Also, there are definitely markets where fictions are sold, Bitcoin is probably the most eminent example. However, patent qua security, that is an entitlement to exclusive commercial activity, is vendible. Disney may give Starbucks exclusive entitlement to sell coffee inside Disneyland and this is something valuable.

    4. I was talking about how(i think) property works on Thomistic Natural Law. I understand how the concept of patents works on a capitalist economy, but what i want to know is if there is in natural law any basis to a right to own patents or if it is just a positive law creation, which seems to me to be the case.

    5. I think the issue is more about scarcity. Normally we have property rights because resources are scarce. I can't fully enjoy the ownership of my house and the land it is on, for example, if anyone else can just make use of it as they please. Because land and houses are scarce and can't be used by an indefinite amount of people without taking away from the use of others, we need property rights. Intellectual property are arguably different. An indefinite amount of people can copy a book or use an invention without it affecting my use of the original book or invention.* Here the state seems to be creating a property right where there is no scarcity. This is the way in which anti-IP people usually argue.

      I am not sure IP is a natural right in Thomism. I'm not an expert, but I'd be surprised if Thomism mandates that there be IP. In fact, seeing the broad category of property rights can be broken down in a myriad of different particular rights, as R. H. Tawney noted, I'd be surprised if Thomism took anything but a very general stance on what rights there should be.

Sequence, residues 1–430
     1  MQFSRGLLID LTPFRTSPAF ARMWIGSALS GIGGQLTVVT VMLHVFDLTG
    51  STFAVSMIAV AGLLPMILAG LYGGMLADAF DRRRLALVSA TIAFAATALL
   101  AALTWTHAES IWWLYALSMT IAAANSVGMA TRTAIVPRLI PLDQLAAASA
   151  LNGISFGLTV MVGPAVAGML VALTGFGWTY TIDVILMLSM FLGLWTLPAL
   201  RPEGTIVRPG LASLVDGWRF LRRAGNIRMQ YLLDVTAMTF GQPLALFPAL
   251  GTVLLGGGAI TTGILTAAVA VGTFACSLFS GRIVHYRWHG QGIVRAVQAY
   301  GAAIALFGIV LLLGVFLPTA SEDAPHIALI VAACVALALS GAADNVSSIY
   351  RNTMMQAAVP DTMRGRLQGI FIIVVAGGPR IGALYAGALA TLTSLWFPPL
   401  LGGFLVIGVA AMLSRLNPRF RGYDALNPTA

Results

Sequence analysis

* Of course, if people can freely copy the boom or invention, I can make less money out of it, but that issues involves the very state created monopoly in question.

    6. @Anonymous
      Certainly patents arise from the positive law but I don't see how that makes them problematic as property. Currency qua currency arises from the positive law but certainly is property.

      @Jeremy Taylor
      The fundamental problem is that the idea / concept / work / design / etc. is not property as such. In fact this is not what intellectual property is in the first place, confusion of pro/anti-IPers notwithstanding. What is property is the exclusive commercial claims to create copies and sell them, namely the patent, not the patented idea.

    7. That is true, but I am not sure it changes the fundamental distinction between IP and property rights. In fact, it seems to underscore the distinction.

    8. @Michael Humpherys

      I not really saying that patents arent' property right now in our current situation. I suppose that the State has the authority to give they to people. The question that i was asking is if patents have any value in natural law or if is only a modern capitalist invention that we have to respect because the State respect it?

      @Jeremy Taylor

      From what i understand, in natural law that is the way that property rights work. Feser did make a article* explaining how they work in Thomism, but i don't know if the natural law necessary implies a economy like the one we have or if something like a non-anarchist Mutualism would be more true to Thomism.

      Feser seems to have no problem with the capitalist economy we have, so i want to know if he thinks it could be defended using natural law on property rights like most libertarians would do or if he thinks that just the State ensures that society works like it does now.

      *Classical Natural Law Theory, Property Rights and Taxation.

    9. @Anonymous
      What do you mean by "value in natural law" and how this is in opposition to it being an invention of a capitalist system?

      @Jeremy Taylor
      "I am not sure it changes the fundamental distinction between IP and property rights. In fact, it seems to underscore the distinction."

      How so? Or what distinction?

    10. I mean that other property rights exist because resources are naturally scarce, whereas this is not the case for IP. I'm not sure it makes much difference whether or not it is the idea or design that is owned or just the rights to legally copy it. The freedom to copy the idea or design doen't take away from the original owner's ability to make use of it, except so far as he can't now profit from a state-created scarcity or monopoly of use.